Are you struggling with querying? You're not alone. Next up in this blog series for querying writers to connect and learn from each other, is Laura Seabaugh.
Laura is a graphic artist and self-professed fantasy sci-fi geek from the middle of nowhere, Missouri. She has been writing and drawing since she could hold a crayon, and just recently jumped into the query trenches armed with an innate love for story.
J: What do you feel has been the hardest part about the writing journey?
L: Putting myself out there. I grew up pretty much not fitting in anywhere so it’s made me a very reserved person. But finding the right writing groups and CPs helped immensely.
J: What genre do you write in?Do you feel like your genre is harder to query than most?
L: YA high/epic fantasy and very much so, yes.
J: How many manuscripts have you queried?
L: Just the one, in various revised states.
J: Have you participated in any contests? Did participation help you as a writer?
L: Yes and YES. I was a Pitch Wars 2017 mentee, which was my biggest learning experience so far. But even those I didn’t get into, opened me up to some great communities or gave some valuable feedback.
J: I totally agree. I've learned from both contests I've been selected for, and contests I haven't.
J: Did you feel a crash in momentum after the contest? For me, they're such a high and then when they're over it's difficult to get back to things.
L: No. I haven’t come down from the high because I’ll always be grateful for the experience. Contests for me are about deadlines and motivation. Pitch Wars was a lot of work, as expected, so I’ve just been trying to keep that momentum going.
J: I'm very impressed by that.
J: What has been the best moment during your writing journey?
L: Getting a request from the Pitch Wars agent round. I know I’m a slow burn. I knew going into it that I’d be up against so many super-hot manuscripts and there I’d be, in the shadows. But I kinda like it there...muahaha.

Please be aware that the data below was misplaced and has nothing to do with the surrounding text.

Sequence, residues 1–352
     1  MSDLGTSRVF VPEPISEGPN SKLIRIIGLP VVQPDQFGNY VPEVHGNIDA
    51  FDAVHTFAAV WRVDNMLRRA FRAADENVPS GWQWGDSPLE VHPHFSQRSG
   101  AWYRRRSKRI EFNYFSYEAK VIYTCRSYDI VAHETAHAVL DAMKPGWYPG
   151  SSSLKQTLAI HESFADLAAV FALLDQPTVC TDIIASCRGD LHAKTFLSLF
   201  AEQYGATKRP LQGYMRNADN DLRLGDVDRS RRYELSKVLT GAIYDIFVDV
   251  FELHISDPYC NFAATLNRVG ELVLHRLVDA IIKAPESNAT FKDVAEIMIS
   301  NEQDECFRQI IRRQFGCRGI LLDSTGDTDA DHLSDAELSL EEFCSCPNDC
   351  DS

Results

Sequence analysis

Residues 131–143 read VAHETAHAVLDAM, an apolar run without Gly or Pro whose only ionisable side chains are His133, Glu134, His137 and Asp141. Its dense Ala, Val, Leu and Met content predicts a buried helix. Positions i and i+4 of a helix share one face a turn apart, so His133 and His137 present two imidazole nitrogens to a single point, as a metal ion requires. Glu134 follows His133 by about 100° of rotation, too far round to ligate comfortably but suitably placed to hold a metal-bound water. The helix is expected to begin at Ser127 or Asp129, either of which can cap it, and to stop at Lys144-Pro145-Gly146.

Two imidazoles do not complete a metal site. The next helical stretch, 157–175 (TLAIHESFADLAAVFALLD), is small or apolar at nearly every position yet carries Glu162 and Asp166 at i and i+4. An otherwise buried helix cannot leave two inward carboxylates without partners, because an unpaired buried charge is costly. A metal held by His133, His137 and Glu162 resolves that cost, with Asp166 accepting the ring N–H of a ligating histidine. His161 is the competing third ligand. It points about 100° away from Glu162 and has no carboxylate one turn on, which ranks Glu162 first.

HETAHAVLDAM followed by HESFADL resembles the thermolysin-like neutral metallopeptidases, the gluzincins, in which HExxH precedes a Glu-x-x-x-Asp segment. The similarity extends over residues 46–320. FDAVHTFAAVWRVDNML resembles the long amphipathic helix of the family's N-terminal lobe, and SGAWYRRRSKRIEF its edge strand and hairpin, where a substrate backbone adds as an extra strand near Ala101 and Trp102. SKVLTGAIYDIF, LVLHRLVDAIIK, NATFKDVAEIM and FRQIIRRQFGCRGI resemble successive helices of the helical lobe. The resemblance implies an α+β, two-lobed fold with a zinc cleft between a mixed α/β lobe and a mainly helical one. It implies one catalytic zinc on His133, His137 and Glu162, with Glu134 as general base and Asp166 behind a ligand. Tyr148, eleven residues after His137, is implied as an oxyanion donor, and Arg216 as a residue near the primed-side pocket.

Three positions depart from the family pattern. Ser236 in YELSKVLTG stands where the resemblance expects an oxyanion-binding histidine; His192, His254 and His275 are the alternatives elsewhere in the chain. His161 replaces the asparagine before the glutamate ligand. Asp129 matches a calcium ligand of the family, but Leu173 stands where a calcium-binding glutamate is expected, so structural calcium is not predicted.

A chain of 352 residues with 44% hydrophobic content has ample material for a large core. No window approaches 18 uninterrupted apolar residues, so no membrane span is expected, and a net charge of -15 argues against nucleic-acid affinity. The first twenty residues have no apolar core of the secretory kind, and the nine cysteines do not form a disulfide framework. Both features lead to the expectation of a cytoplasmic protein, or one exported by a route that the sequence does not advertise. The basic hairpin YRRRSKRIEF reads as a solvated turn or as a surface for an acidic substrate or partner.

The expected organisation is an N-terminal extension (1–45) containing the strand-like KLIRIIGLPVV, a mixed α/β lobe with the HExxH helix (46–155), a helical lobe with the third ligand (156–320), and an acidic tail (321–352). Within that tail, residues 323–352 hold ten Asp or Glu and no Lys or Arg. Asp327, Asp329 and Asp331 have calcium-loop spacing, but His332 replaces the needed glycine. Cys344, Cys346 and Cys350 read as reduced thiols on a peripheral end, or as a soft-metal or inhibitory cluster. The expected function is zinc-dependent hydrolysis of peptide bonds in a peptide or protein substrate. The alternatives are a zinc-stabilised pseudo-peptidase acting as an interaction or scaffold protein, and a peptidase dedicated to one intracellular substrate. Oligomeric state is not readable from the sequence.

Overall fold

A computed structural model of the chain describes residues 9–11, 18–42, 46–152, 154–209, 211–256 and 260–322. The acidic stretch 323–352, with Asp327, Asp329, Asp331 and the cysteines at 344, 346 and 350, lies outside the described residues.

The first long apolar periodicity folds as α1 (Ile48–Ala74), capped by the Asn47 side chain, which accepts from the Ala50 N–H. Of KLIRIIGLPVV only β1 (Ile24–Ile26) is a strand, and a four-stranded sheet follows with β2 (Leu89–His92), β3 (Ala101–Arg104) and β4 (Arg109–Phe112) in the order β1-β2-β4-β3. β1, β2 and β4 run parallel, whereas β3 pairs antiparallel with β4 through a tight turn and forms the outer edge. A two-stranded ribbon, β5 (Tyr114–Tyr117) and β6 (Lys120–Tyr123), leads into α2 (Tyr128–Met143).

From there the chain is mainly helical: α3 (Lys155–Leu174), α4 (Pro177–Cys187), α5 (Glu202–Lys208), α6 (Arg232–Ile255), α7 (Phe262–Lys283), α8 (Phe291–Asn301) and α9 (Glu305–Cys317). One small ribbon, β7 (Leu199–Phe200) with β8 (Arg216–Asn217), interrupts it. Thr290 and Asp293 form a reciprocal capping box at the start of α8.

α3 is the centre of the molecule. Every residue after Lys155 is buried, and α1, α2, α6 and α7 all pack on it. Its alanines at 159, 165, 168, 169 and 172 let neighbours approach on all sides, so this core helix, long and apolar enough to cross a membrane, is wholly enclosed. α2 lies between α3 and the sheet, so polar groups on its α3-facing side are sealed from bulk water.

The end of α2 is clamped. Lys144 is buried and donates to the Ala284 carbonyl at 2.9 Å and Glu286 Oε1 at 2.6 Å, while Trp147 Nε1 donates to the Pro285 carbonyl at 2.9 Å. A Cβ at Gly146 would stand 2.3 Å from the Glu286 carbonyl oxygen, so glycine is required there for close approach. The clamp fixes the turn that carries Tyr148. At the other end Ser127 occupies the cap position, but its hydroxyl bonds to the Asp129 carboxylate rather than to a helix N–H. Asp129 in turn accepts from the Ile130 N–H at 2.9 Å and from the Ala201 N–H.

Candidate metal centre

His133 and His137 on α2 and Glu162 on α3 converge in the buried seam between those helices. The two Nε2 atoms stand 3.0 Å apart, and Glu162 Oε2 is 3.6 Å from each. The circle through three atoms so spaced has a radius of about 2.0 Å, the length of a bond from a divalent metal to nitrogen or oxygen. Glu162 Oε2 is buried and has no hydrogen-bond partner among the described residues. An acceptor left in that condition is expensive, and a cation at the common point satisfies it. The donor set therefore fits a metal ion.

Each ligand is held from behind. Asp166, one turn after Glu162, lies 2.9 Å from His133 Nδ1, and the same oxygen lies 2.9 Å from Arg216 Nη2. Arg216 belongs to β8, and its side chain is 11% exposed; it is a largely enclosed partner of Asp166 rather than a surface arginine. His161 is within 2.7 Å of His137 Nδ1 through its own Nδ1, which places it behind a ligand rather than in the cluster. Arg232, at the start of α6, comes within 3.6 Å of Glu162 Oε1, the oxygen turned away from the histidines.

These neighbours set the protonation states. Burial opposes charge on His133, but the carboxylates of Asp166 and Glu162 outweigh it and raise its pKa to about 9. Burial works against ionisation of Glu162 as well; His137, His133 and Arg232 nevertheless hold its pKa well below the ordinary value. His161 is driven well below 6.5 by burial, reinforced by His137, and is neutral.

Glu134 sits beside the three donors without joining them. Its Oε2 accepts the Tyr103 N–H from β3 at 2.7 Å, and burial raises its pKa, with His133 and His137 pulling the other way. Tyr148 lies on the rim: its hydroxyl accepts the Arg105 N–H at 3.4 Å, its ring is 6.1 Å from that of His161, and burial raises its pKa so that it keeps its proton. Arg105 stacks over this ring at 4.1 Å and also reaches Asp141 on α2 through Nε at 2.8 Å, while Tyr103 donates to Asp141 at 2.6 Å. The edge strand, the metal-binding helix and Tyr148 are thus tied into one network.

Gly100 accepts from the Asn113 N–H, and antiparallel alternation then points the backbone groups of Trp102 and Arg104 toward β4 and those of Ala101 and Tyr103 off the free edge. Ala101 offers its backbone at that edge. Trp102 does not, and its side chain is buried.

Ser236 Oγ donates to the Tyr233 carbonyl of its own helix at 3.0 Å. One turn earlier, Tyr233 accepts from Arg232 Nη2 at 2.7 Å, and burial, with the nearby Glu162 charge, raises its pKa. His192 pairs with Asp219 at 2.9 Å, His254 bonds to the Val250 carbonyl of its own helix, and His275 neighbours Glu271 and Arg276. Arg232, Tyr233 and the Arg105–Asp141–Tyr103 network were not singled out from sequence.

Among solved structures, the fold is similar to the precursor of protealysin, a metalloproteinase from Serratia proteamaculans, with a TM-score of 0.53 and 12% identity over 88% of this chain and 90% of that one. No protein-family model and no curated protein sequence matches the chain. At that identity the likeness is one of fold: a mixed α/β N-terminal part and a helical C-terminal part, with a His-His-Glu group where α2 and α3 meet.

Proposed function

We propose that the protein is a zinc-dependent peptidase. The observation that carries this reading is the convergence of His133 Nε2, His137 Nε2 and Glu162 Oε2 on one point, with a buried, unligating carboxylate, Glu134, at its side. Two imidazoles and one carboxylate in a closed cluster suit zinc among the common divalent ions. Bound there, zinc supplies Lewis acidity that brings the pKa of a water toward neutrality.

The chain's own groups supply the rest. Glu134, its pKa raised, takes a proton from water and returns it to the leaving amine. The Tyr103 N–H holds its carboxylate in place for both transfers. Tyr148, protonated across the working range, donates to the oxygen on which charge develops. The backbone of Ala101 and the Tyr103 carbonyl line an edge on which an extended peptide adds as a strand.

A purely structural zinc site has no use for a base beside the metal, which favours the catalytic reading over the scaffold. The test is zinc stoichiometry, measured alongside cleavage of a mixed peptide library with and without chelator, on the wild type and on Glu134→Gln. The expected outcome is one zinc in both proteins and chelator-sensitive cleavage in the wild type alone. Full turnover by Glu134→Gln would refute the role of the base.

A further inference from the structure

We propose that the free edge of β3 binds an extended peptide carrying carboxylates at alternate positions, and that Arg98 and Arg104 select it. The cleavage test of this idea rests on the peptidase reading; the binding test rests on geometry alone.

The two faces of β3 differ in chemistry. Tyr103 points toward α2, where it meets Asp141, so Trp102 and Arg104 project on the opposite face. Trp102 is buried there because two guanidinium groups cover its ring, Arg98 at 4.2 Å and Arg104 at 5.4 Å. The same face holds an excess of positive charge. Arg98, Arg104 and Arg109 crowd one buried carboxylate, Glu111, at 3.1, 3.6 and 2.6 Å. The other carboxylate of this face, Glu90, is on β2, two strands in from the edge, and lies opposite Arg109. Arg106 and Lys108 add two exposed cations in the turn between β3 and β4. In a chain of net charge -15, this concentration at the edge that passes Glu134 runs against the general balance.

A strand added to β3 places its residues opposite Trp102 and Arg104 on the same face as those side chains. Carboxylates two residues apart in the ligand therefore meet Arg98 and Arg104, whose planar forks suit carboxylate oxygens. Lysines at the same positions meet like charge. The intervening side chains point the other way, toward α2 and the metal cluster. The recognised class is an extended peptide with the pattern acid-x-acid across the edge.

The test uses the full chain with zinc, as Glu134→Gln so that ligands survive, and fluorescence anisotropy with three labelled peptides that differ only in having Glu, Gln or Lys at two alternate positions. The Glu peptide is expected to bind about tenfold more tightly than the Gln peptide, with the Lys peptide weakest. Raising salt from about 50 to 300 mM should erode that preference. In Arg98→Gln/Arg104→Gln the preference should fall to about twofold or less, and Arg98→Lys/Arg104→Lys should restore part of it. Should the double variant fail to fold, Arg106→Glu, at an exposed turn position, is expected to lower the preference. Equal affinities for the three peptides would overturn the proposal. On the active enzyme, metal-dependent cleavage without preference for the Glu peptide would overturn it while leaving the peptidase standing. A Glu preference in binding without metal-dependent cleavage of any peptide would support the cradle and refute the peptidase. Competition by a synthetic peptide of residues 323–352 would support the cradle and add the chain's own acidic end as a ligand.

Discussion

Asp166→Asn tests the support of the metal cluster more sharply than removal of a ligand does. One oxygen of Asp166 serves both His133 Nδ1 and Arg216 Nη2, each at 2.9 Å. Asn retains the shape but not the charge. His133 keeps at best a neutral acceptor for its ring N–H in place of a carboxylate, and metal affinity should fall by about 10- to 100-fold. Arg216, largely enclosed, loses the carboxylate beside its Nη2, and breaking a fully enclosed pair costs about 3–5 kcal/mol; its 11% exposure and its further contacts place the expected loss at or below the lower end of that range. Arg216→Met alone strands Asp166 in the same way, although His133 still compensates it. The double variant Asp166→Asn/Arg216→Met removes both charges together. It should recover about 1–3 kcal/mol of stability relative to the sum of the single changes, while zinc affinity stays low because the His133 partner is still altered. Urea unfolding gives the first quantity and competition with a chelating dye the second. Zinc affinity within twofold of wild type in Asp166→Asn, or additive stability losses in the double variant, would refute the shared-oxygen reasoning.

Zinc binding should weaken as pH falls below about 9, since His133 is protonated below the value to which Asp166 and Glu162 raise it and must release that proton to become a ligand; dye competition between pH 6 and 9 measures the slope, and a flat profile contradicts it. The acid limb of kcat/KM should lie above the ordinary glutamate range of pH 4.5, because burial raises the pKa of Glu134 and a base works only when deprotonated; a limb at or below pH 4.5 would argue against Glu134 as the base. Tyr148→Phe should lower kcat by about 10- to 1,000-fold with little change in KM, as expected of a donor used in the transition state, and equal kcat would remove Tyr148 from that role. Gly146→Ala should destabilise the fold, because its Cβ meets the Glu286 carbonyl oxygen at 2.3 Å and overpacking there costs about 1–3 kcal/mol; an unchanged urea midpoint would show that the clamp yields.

J: What was the absolute worst moment?
L: I can’t think of any particularly bad moments. A lot of it’s the nature of the beast. Rejection, criticism, sorting out what feedback is helpful or not. Getting overlooked or feeling not valid. But in the end, I’ll always have my characters and my world and my writing. And that’s not going to change.
J: I like your positivity. It's inspiring.
J: Name one fellow querying author that has helped you and why.
L: My first writing buddy was a friend from high school. We didn’t know it at the time, but we were CPs before CPs were cool. Rachel, I believe in you and your story!
J: What is the best thing you've learned.
L: Not to let all this activity, critiques, contests, querying, industry research, come between me and my writing.
J: That is such a good answer. I think it's so important to be able to handle the industry, but tune out the noise when it's time to get creative.
J: What is your favorite resource, whether for craft or querying?
L: I really enjoy craft threads and subtips on Twitter. I only became active on book Twitter a year ago, and it has really given me insight into the publishing industry when I was a total newb before.
J: I had a similar experience when I joined Twitter years ago. I suddenly knew I had much more to learn about writing and felt like I'd been living under a rock.
J: Anything else you want to share with fellow query trench authors?
L: There are so many things out of our control. Focus on what you can control: your writing, your craft, your storytelling. Find a CP you click with, and a supportive tribe you can fall back on. We’re in this together.
Connect and follow Laura on Twitter @imaginarialist and visit her website http://words.imaginarialist.com/
AND don't forget, if you've had a hard week in the query trenches, you can enter this rafflecopter for a "chocolate library." Instead of getting virtual chocolate from friends after a rejection, this time you'll get the real deal! Click here for the link or enter.